Seven more days/the briefest of theological notes
I apologize for my recent dearth of postings. I spent several days in New York lubricating the gears for my return to the world's capital.
But that's just FYI. The real question is this: Did you see Ron Wood at what I think was BobFest sing a song called "Seven More Days"? It was one of the highlights, and I bring it up for a two reasons.
First, I'm told that today is Bob Dylan's birthday. That this moves me on a number of levels suggests either I'm too sensitive or else I'm getting old. You do the math.
Second, this time next week I will have completed my not-yet-started painting of Jeb Stuart. I will employ what is now widely referred to as the "obscured box" technique. And, sorry to say, I will chronicle the process with only one picture per day on this blog. The whole Bobby Lee thing was exhausting. Perhaps with reason, but nonetheless exhausting.
So I now have seven more days.
Or is it six? I'm of two minds. Either way, it's a conundrum that directly relates to one of the fundamental building blocks of Christianity, which goes, depending on who you read, roughly: "On the third day He rose again."
One can glean from a close reading of the Gospels that Jesus was crucified on a Friday. Doesn't that make the "third day" a Monday, not the commonly accepted [Easter] Sunday? Or would that be "three days later" rather than "on the third day"? Maybe it's a Gregorian vs. non-Gregorian thing? Or perhaps simply grammatical? The English language is full of techniques that involve silent letters (see: my boy Tent, who spells it with an r) and implied clauses. I think it's the implied clause that warrents consideration here.
Thus: "On the third day [after He was crucified] He rose again."
Which is Monday. With Easter barely passed, I wonder if I should bring this up now or wait until next year.
I am also considering the following, although it might just be a bad idea: Portraits painted on a sea of beer cans. More than portraits ... portraits of cheerleaders! High school cheerleaders! Perhaps the varsity squad from my alma mater. I can remember at least three: Amy, Keri and Sally. No, four: add Pam--I went to college with her. I'm sure, given time to think, I could come up with more. Kathy--that's five. Each one eating a banana.
I just threw a bunch of beer cans away, but I bet it wouldn't take long to amass enough empty beer cans to cover the surface of a 4'x5' piece of fiberboard or masonite, then pour paint over the top to both permenantly affix the cans to the subsurface and, at the same time, create a portrait. I wonder if Tom Wolfe capitalizes masonite. He does Styrofoam.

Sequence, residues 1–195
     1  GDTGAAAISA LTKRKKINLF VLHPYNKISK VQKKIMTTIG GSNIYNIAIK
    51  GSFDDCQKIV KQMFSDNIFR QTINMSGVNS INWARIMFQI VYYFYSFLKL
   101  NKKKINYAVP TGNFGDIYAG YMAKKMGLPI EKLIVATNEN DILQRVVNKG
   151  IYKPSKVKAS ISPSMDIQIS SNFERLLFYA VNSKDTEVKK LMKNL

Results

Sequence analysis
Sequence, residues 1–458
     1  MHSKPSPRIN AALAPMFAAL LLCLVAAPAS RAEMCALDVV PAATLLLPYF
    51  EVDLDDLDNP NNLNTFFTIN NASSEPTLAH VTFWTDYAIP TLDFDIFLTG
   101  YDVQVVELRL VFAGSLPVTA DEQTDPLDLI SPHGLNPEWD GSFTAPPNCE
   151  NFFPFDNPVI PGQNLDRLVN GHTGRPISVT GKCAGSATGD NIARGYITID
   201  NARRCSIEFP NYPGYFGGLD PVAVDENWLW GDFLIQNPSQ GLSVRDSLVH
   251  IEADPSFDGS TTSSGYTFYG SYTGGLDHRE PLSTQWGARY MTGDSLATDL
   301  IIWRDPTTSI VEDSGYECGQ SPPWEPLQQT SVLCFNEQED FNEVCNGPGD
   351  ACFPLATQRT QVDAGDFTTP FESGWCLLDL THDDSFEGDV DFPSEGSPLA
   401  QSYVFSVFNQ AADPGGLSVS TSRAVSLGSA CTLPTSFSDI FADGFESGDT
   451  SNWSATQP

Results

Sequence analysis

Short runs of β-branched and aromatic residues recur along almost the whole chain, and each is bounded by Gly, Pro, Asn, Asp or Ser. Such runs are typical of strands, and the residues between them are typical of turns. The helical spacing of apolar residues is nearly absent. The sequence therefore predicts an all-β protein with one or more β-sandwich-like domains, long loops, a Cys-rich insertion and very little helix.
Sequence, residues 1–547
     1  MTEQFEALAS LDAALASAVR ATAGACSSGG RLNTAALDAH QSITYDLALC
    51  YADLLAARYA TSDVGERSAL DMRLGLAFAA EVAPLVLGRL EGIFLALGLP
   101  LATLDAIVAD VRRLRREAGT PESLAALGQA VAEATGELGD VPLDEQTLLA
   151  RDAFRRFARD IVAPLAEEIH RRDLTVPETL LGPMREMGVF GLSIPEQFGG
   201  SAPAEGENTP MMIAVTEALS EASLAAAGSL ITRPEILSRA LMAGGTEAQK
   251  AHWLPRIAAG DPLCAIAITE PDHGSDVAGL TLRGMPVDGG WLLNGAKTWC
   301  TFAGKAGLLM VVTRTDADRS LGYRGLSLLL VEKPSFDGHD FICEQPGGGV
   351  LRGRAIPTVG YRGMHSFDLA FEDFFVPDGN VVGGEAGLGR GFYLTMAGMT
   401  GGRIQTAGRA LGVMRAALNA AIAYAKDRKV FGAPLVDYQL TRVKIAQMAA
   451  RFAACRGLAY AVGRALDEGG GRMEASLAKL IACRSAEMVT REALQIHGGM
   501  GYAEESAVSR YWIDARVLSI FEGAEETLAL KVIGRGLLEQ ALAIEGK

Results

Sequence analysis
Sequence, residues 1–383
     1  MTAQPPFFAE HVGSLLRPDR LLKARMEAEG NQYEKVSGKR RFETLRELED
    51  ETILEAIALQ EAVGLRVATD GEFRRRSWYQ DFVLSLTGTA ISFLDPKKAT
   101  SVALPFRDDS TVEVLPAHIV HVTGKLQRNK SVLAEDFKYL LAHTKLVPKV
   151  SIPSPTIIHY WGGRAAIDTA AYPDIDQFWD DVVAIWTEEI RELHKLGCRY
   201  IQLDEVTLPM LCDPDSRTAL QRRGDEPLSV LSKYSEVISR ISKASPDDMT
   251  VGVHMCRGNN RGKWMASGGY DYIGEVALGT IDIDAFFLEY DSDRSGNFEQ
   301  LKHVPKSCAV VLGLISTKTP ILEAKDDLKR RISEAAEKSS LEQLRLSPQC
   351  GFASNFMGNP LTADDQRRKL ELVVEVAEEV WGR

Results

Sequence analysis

It would be fun to do a series of them (although I bet the lure of a full series might fade after doing the first one). Each would be called some version of: "Cheerleader With Banana on Beer Cans." Cheerleaders are certainly potent, somewhat conflicted sexual icons. Having them eat a banana is an easily-interpreted further-sexualization of the image. And doing it on beer cans just makes me giggle.
Always the question resolves into pixels, or at least a painter's version of a pixel. Given that we are using an extremely crude method of rendering an image (paint drizzled over beer cans), what's the mathematical (geometric?) relationship between the size of a recognizable detail (the so-called pixel) and the total surface area of the painting?
If you look at a shitty picture on the web, the kind that show up--but will not enlarge when you double-click them--on blogs like mine, the dots per square inch number is often about 300. A beer can, laid on its side, measures just less than five inches by three inches. Quick math: a one foot square is just less than 150 square inches. So this gives you ten beer cans per foot. Twenty square feet in a 4'x5' "canvas." 200 cans per image. I can't do any more math, but that's a lot of beer. Currently I'm buying 12-packs of Pabst Blue Ribbon for $5.99. That's just over $100 bucks for the beer cans alone.
Plus, what do you do with that much beer outside of football season?
Still, it's a fun idea. I mean, you have to push the envelope, even if getting drunk is the unfortunate byproduct.
I'm reminded of the statue of John F. Kennedy in the main hall of the Kennedy Center in Washington. Initially sculpted very roughly in clay, then rendered on a large scale in bronze, its rough-hewn details caused quite a stir in the day. Now it's considered a masterpiece.